Zhou Yu replied, "We may not oppose Cao Cao when he acts at the command of the Emperor. Moreover, he is very strong, and to attack him is to take serious risks. In my opinion, the opposition would mean defeat and, since submission means peace, I have decided to advise our lord to write and offer surrender."

The two wrangled for a long time, while Zhuge Liang sat smiling with folded arms. Presently Zhou Yu asked, "Why do you smile thus, Master?"

And Zhuge Liang replied, "I am smiling at no other than your opponent Lu Su, who knows nothing of the affairs of the day. The intention to submit is perfectly reasonable. It is the one proper thing."

"There!" exclaimed Zhou Yu. "Zhuge Liang knows the times perfectly well, and he agrees with me."

"But, both of you, why do you say this?" said Lu Su.

Said Zhuge Liang, "Cao Cao is an excellent commander, so good that no one dares oppose him. Only very few have ever attempted it, and they have been exterminated, the world knows them no more. The only exception is Liu Bei, who did not understand the conditions and vigorously contended against him, with the result that he is now at Jiangxia in a very parlous state. To submit is to secure the safety of wives and children, to be rich and honored. But the dignity of the country would be left to chance and fate; however, that is not worth consideration."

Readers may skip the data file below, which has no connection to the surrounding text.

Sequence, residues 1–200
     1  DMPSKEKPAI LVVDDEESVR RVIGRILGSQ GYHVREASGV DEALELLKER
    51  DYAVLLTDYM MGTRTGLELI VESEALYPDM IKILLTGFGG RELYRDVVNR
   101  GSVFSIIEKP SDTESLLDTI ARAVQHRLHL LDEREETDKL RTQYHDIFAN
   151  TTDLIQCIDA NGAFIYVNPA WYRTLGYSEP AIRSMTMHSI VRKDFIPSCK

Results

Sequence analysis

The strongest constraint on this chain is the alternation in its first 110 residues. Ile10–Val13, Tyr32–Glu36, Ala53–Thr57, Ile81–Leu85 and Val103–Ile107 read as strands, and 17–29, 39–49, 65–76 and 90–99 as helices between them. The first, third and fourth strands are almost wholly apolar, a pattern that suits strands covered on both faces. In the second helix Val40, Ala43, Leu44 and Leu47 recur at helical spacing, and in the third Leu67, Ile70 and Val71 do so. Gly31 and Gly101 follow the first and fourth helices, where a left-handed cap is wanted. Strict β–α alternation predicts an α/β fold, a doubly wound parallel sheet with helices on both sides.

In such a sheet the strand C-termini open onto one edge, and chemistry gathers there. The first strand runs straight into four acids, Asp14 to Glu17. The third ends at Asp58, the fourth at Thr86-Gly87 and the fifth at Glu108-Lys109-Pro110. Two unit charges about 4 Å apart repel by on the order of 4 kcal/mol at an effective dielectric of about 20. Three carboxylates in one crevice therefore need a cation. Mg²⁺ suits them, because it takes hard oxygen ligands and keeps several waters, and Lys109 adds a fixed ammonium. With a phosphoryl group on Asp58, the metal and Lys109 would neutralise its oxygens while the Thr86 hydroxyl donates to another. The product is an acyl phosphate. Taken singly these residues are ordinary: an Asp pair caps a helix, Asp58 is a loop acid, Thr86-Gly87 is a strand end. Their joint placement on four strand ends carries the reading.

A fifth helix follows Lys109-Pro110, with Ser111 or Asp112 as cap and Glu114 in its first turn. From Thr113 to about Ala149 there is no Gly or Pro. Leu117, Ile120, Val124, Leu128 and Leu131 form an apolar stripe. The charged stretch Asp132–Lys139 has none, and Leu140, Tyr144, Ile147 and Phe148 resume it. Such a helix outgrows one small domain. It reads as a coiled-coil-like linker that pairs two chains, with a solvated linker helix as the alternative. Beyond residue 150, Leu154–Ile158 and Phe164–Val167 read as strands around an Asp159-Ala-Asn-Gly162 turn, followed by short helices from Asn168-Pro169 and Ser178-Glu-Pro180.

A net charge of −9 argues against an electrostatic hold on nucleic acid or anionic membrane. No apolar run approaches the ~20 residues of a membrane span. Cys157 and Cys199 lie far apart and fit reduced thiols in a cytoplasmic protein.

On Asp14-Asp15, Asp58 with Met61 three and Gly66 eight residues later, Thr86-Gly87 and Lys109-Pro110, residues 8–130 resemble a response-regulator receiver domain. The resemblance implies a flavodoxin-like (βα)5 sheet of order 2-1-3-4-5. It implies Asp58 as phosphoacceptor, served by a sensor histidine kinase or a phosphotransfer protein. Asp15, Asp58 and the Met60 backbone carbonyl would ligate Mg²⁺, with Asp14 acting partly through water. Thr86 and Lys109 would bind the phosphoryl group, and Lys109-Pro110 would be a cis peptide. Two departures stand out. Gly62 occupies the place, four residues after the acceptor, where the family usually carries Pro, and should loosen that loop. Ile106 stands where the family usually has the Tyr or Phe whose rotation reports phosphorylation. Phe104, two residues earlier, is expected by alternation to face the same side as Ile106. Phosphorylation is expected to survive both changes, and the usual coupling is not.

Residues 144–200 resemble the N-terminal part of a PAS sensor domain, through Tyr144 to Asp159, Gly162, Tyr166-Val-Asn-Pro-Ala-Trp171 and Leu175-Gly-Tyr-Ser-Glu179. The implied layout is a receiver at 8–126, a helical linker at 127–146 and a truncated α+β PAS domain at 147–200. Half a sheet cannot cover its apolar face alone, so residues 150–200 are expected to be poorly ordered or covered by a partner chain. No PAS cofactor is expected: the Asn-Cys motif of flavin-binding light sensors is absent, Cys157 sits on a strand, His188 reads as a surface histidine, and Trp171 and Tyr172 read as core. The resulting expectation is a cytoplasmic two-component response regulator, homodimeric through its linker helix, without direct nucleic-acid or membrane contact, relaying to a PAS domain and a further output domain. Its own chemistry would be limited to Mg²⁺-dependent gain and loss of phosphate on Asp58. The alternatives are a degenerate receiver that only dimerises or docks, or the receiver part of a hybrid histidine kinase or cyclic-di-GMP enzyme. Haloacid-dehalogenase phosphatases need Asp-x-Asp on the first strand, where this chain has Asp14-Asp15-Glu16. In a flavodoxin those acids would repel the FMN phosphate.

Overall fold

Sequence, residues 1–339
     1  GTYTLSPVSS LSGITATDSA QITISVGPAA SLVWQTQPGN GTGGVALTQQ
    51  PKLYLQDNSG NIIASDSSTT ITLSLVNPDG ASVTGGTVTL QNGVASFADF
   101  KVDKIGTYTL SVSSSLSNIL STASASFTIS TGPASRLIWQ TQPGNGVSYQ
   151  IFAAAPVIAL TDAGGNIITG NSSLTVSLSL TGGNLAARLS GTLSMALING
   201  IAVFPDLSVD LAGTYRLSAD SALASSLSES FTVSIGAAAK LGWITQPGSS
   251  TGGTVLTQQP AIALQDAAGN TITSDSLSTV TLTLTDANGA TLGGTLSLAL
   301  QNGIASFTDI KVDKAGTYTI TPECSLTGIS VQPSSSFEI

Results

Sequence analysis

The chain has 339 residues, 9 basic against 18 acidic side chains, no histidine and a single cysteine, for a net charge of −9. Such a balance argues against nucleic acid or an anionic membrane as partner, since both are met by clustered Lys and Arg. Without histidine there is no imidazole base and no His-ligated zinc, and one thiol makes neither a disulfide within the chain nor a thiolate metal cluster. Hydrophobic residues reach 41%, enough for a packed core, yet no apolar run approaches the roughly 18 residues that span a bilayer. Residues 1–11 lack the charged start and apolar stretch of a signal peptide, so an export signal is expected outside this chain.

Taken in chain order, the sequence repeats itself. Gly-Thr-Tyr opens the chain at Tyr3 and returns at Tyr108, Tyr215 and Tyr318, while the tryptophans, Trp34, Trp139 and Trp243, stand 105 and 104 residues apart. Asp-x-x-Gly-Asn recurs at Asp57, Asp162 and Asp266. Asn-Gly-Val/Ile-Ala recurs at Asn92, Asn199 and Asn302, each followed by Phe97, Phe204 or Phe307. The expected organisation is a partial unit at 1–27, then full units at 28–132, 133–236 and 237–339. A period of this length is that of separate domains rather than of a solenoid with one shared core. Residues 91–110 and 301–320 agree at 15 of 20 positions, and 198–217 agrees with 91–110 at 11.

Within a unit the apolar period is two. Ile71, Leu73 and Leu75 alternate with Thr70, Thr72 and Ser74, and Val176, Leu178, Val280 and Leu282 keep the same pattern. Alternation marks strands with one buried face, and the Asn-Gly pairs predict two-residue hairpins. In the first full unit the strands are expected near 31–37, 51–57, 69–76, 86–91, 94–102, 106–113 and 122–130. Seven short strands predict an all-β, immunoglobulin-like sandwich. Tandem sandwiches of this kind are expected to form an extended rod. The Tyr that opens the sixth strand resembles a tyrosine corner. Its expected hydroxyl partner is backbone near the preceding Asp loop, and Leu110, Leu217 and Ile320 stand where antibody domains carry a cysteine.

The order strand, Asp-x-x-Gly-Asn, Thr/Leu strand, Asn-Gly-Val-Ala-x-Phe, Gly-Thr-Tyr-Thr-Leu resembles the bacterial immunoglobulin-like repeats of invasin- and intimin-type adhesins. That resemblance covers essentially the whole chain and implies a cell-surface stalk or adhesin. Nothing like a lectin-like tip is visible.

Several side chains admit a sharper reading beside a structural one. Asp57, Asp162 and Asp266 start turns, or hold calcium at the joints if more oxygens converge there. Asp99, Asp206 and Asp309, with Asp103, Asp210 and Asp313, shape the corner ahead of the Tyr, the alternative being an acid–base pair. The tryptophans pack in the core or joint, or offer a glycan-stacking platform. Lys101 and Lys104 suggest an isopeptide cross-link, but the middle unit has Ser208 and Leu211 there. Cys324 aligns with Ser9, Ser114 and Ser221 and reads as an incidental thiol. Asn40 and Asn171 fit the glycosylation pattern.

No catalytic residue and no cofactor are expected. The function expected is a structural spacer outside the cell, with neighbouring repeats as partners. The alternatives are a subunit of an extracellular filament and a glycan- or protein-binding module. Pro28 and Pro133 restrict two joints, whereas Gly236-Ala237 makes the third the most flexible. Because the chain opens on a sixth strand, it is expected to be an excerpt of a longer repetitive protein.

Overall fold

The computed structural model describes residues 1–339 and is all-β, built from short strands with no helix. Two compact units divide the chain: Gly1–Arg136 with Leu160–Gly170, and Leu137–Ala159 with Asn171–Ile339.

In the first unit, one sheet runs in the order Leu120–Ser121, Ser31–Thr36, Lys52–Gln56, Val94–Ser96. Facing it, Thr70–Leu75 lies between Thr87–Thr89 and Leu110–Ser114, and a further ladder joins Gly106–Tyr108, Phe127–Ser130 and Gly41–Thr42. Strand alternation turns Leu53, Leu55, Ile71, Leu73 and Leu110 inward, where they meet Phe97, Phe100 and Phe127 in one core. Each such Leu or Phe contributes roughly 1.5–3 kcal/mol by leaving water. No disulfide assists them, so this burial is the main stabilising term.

Lu Su interrupted angrily, "Would you make our lord crook the knee to such a rebel as Cao Cao?"

"Well, " replied Zhuge Liang, "there is another way, and a cheaper. There would be no need to 'lead the sheep and shoulder wine pots' for presents, nor any need to yield territory and surrender seals of office. It would not even be necessary to cross the river yourselves. All you would require is a simple messenger and a little boat to ferry a couple of persons across the river. If Cao Cao only got these two under his hand, his hordes and legions would just drop their weapons, furl their banners, and silently vanish away."

"What two persons could cause Cao Cao to go away as you say?" asked Zhou Yu.